Warmington is the first to jump into Democrat race for Governor

Monitor staff
Published: 6/1/2023 6:20:34 PM
Modified: 6/1/2023 6:20:09 PM

The Democratic race for governor has its first official candidate as Cinde Warmington, the Executive Council’s lone Democrat, launched her bid for the corner office Thursday.

Warmington, who is serving her second term on the five-member council, promised to focus on the state’s housing shortage, access to mental health services and reproductive freedom in New Hampshire if elected governor.

Her timing comes a week or two before Republican Governor Chris Sununu will announce whether he will seek a historic fifth term or run for president, opening the seat up to challengers from both parties.

As the minority voice on the Executive Council, Warmington, of Concord, has often come head to head with her GOP colleagues and Sununu. 

“I have been the last line of defense against some pretty extremist Republican positions,” she said.

Last year, the council voted to defund Planned Parenthood in New Hampshire, as well as several sex education programs. In both situations, Warmington was the lone voice advocating for reproductive freedom and education, which she will continue to prioritize as governor, she said.

“When you defund services for contraception and cancer screenings, and sexually transmitted disease testing and treatment because you don’t believe in abortion, I mean, you’re really putting the lives of the people of New Hampshire and the health of the people in New Hampshire in jeopardy,” she said. “That is just plain wrong.”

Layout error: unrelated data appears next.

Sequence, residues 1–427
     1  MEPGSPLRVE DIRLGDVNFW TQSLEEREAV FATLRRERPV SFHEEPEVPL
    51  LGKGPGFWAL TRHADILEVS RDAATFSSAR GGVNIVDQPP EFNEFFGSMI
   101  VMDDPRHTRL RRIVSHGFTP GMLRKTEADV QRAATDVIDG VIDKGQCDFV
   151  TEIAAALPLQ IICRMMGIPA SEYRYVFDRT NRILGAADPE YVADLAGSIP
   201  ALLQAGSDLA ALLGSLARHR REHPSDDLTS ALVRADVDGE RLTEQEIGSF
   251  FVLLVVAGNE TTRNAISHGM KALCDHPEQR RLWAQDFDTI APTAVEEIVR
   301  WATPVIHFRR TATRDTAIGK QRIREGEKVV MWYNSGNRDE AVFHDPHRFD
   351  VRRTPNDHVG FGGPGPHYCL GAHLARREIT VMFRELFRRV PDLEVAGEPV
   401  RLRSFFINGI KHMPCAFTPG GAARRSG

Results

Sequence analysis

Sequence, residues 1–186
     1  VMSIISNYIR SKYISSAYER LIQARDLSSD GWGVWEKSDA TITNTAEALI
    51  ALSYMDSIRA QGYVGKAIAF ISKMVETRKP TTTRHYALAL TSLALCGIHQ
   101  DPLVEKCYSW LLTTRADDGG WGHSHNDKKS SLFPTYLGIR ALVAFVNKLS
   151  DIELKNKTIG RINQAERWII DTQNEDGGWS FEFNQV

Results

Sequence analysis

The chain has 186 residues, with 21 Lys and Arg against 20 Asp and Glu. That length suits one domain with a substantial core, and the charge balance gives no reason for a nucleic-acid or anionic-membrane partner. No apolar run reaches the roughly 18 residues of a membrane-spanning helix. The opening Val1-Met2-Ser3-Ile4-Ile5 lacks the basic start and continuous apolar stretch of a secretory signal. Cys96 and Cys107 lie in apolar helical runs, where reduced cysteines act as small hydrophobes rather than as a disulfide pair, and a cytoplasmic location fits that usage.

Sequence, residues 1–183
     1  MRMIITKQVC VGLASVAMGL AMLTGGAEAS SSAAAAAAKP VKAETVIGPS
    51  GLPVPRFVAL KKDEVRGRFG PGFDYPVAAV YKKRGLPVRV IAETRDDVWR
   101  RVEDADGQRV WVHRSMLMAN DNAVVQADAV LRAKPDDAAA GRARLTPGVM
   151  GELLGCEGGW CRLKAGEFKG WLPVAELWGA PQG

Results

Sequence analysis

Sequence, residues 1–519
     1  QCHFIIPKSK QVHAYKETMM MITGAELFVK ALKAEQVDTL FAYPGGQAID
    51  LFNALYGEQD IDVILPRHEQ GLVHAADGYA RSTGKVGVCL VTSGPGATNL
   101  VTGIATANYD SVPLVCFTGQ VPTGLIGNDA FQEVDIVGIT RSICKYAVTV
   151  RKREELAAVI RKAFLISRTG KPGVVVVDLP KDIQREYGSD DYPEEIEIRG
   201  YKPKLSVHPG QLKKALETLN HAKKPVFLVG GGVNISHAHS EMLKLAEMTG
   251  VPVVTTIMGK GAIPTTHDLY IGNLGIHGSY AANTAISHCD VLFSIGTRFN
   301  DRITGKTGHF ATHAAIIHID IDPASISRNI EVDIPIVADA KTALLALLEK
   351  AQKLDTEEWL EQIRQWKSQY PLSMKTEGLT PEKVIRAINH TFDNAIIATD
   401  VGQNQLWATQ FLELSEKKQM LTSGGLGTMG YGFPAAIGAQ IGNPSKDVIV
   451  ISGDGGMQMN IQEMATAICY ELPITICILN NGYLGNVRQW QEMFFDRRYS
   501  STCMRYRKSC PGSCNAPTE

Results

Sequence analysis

In the background, Warmington said she worked with the state’s congressional delegation to secure grants for Planned Parenthood and sex education programs to continue these services in the aftermath of the council’s cuts.

On the housing front, Warmington said she is working on a policy plan that will address the need for development and incentives to build as the state faces a critical housing shortage, with a current deficit of 20,000 units.

This year, the Executive Council signed off on Sununu’s Invest NH program – which utilized American Rescue Plan Act funding to create a $100 million housing fund that supports development and zoning to promote more housing.

It’s one of many policy programs that have come through the Executive Council, as they are in charge of approving all state contracts over $10,000, as well as overseeing appointments to state departments and judicial positions.

Warmington said serving on the council was like a crash course in state government that will prepare her as the next leader for New Hampshire.

“As Executive Councilor, I have a bird’s eye view of everything that’s going on in state government and I think I’m in the best position to take back the corner office,” she said in an interview with the Monitor.

One policy point that has not made it before the council – despite a rollercoaster of approvals and rejections in the legislature – is marijuana legalization. New Hampshire is the sole state in New England that does not allow for the recreational use and cultivation of marijuana.

Sununu recently indicated his support for a legalization policy – after publicly signaling he would veto any legislation – if it included regulations regarding advertising and taxes.

Legislators now are scrambling to see if a policy will pass both chambers before the end of the session.